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Childhood asthma rates linked to black smoke in Galway

A study has suggested that a drop in black smoke levels in the mid-nineties improved overall air quality and helped reduce hospital admissions for asthma.

Image: black smoke image via Shutterstock

A STUDY HAS found a link between air pollution in Galway and admission rates of children for asthma in the city over a 21 year period.

The study, by Loftus et all, published in the latest edition of the Irish Medical Journal, said previous studies have already shown that exposure to pollution has a detrimental effect on lung function in children, which is reversed when they move to an area with cleaner air.

In the last 20 years, asthma admission rates increased steadily to a peak in 1995 and then fell dramatically after that. Authors determined that the reason for the rise and fall in the mid-nineties is probably a combination of changes in domestic and vehicular fuel use – particularly in the case of coal.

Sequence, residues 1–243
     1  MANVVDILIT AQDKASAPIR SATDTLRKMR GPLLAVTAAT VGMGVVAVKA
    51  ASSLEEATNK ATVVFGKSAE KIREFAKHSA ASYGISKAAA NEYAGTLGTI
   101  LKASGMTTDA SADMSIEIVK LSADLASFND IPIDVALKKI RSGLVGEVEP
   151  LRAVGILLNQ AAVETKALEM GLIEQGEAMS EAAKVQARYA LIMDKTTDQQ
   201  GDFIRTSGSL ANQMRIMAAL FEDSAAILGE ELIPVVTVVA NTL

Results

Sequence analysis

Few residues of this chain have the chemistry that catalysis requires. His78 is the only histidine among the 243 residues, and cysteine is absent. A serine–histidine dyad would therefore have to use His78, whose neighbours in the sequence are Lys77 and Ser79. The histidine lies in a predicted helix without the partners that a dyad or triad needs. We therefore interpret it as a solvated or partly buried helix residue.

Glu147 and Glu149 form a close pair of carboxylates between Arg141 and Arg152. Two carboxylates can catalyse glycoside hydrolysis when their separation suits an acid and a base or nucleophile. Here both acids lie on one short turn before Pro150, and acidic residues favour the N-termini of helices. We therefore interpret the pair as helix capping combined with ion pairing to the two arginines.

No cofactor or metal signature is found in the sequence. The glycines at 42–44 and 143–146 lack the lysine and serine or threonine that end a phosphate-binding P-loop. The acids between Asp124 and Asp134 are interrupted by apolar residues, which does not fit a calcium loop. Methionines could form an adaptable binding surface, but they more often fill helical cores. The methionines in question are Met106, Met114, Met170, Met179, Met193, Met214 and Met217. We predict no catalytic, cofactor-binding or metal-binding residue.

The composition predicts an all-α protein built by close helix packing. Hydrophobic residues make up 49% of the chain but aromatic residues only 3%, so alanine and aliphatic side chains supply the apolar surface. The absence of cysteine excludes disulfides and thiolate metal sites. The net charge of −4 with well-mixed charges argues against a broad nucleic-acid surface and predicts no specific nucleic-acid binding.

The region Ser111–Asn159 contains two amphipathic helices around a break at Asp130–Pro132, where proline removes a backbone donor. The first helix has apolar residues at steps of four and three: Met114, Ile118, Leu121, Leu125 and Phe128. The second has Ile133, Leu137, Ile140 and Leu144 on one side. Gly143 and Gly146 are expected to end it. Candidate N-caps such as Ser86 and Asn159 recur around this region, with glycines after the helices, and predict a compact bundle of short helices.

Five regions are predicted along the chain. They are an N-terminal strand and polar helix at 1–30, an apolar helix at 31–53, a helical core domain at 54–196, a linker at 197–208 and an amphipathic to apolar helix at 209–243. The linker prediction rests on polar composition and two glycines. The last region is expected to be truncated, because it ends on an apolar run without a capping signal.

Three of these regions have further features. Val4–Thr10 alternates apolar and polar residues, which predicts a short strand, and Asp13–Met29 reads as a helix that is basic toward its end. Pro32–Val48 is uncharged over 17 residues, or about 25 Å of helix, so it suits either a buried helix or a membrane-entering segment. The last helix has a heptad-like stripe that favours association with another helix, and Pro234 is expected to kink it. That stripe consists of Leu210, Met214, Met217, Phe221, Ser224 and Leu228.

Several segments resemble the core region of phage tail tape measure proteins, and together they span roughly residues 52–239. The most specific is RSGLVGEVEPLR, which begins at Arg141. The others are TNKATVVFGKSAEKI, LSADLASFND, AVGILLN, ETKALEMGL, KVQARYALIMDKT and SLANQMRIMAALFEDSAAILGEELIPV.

Data from admission rates for children aged 1 to 14 with asthma was compared to average monthly and annual climatic variables and black smoke levels for the city.

The research found that there was “evidence of a positive association between asthma admissions and black smoke levels” for the 1-4 year-olds and a positive trend for 5-14 year-olds separately.

In the younger children, there was a stronger link between admission rates and black smoke in the city.

While the study said the hypothesis is “biologically plausible”, it pointed out that it could also be coincidental. However authors said they said they believe that regulatory changes in the nature of coal and diesel and more stringent emission riles have improved air quality and contributed to the reduced incidence of hospital admissions.

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